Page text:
Treatment of immune mediated diseases that affect the Hispanic community
DESCRIPTION (provided by applicant): It has been well established that while the Hispanic population comprises slightly greater than 10% of the US population, they account for a disproportionately higher percentage of disease when compared to non-Hispanicwhites. This includes certain types of cancer, stroke as well as coronary heart disease, diabetes and liver disease. The latter three conditions often require transplantation of key organs as the only treatment option. A major complication to treating these patients is that all transplantation immunotherapies are limited due to high drug toxicity. It is therefore a critical need to identify new therapeutic strategies to achieve effective long-term acceptance of these grafts to address the health disparities issues currently incurred by the Hispanic community. This application and its research seek to reverse this dire situation. Unlike the majority of the current immunosuppressive regimes that target early T-cell signaling pathways (e.g. CsA or FK506), newevidence suggest that targeting late T-cell signaling pathways by disrupting the Janus tyrosine kinase (Jak) 3 pathway is a viable option. Indeed studies in both humans and mice have shown that genetic dysfunction of either Jak3 or its receptor, the commonIL2 receptor-(, results in an inactivated immune system. Thus Jak3 represents a novel molecular target for the treatment of T-cell immune mediated disorders. The complication in this process is to identify a molecule that selectively disrupts Jak3 and notits closest homologue Jak2, in which the later enzyme is critical for red blood cell development. Inactivation of Jak3, but not Jak2, represents a major obstacle to the pharmaceutical industry to achieve immune suppression, in the case of transplantation,without producing severe anemia. Here we propose that a novel Jak3 inhibitor developed by Dr. Kirken's group, NC1153, harbors significant clinical potential for T-cell immune mediated disorders. With these Phase 1 SBIR funds EP Pharma seeks to accomplishthe following three specific aim; 1) test a small library of molecules derived from the parent compound (NC1153) for a more efficacious agent; 2) validate its high selectivity for Jak3 as opposed to other kinases and 3) determine potential toxic effects onoff-target cells. We expect that this work will provide a novel therapeutic compound to treat several diseases with higher incidence rates in Hispanics, but also have applications to other minority and non-minority patients, and will be developed during the Phase II SBIR. PUBLIC HEALTH RELEVANCE: The objective of this proposal is to develop a novel immunosuppressive agent for the prevention of transplanted organ rejection, a condition that strongly impacts the Hispanic population. For many in the Hispanic population that suffers from cardiovascular disease, liver disease and diabetes, receiving a transplanted organ is their only treatment option. Unfortunately, currently used immunosuppressive agents have limited activity and are associated with a variety of toxic side effects. Our novel drug candidate has the potential to overcome many of these obstacles and result in better therapy for this and other T-cell mediated diseases.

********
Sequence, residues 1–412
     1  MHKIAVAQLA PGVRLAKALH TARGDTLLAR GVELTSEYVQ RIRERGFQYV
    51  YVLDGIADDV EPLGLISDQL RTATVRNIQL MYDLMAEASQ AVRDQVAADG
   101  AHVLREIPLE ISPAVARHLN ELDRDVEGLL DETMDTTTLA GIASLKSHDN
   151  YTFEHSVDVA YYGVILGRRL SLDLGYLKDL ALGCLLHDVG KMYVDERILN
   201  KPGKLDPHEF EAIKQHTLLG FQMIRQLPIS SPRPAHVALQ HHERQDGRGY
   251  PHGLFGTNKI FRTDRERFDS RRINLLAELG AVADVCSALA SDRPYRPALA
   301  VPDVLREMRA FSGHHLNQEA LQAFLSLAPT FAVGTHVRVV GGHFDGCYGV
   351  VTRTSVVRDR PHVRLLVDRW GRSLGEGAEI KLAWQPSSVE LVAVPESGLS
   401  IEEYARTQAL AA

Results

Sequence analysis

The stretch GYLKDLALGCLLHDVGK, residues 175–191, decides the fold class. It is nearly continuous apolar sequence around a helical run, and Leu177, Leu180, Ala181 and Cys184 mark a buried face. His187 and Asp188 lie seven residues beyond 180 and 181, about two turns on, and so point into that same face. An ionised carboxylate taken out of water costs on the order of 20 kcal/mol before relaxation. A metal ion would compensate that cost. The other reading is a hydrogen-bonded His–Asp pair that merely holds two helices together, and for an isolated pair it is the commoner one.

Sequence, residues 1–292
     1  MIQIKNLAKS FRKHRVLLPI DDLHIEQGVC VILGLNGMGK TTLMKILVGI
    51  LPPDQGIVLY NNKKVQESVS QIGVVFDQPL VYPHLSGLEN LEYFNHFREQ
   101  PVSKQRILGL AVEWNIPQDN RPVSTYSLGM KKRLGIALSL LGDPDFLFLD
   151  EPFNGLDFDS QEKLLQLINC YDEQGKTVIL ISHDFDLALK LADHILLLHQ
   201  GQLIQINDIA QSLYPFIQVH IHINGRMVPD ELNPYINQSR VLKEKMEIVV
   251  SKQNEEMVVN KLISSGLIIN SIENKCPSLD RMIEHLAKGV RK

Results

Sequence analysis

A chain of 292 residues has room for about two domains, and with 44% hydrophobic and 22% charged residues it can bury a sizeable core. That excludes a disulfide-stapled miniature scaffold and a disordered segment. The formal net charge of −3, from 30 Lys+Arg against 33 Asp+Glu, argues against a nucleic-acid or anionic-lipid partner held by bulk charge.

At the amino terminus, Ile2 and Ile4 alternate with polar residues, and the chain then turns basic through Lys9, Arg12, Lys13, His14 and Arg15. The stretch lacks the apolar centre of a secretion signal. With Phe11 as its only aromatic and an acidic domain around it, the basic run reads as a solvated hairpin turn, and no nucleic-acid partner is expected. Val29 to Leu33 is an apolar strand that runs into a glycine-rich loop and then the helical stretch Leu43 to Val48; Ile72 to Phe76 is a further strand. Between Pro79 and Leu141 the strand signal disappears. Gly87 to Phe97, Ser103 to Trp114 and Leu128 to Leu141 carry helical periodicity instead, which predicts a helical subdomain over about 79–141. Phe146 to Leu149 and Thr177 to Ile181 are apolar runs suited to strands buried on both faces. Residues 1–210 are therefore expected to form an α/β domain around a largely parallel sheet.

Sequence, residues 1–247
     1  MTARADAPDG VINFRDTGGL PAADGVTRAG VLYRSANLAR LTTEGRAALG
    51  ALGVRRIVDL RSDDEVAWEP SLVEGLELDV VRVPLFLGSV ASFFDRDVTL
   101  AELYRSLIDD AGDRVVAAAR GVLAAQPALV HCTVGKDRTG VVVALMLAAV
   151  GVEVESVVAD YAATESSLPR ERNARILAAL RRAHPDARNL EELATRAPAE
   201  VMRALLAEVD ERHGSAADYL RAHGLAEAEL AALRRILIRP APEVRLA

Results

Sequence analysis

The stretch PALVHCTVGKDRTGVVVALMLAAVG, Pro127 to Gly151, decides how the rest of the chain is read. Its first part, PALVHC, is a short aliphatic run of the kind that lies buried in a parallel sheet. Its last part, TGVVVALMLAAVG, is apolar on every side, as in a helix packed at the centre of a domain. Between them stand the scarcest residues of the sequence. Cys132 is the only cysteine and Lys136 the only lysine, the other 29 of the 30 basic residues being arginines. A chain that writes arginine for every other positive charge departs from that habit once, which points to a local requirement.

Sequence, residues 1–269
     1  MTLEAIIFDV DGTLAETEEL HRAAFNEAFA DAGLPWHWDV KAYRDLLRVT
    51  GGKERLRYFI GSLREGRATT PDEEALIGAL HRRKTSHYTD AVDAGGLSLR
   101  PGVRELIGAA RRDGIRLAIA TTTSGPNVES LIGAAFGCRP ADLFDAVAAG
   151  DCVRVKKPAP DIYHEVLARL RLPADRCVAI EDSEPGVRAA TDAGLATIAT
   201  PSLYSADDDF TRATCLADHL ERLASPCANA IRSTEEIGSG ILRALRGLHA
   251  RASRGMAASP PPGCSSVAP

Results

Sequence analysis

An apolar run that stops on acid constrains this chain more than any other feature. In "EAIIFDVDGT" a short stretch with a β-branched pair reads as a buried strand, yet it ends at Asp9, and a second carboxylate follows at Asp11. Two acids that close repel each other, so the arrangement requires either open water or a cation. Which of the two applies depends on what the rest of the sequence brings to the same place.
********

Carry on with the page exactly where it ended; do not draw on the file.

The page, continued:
Small Business Information at Submission:
EP PHARMA, INC.
1132 CALLE DEL SUR EL PASO, TX 79912-
Number of Employees: